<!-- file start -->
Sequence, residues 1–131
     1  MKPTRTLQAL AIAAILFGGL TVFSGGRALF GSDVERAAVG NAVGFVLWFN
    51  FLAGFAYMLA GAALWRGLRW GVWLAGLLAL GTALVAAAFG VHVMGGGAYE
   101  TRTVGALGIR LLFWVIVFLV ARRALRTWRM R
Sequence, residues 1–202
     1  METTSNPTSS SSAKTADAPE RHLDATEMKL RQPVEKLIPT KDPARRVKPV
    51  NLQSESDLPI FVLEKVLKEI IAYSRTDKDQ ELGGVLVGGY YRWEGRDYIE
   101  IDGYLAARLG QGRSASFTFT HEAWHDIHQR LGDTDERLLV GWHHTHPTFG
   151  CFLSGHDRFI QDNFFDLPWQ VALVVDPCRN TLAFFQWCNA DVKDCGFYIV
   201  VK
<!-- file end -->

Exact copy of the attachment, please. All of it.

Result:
Sequence, residues 1–131
     1  MKPTRTLQAL AIAAILFGGL TVFSGGRALF GSDVERAAVG NAVGFVLWFN
    51  FLAGFAYMLA GAALWRGLRW GVWLAGLLAL GTALVAAAFG VHVMGGGAYE
   101  TRTVGALGIR LLFWVIVFLV ARRALRTWRM R
Sequence, residues 1–202
     1  METTSNPTSS SSAKTADAPE RHLDATEMKL RQPVEKLIPT KDPARRVKPV
    51  NLQSESDLPI FVLEKVLKEI IAYSRTDKDQ ELGGVLVGGY YRWEGRDYIE
   101  IDGYLAARLG QGRSASFTFT HEAWHDIHQR LGDTDERLLV GWHHTHPTFG
   151  CFLSGHDRFI QDNFFDLPWQ VALVVDPCRN TLAFFQWCNA DVKDCGFYIV
   201  VK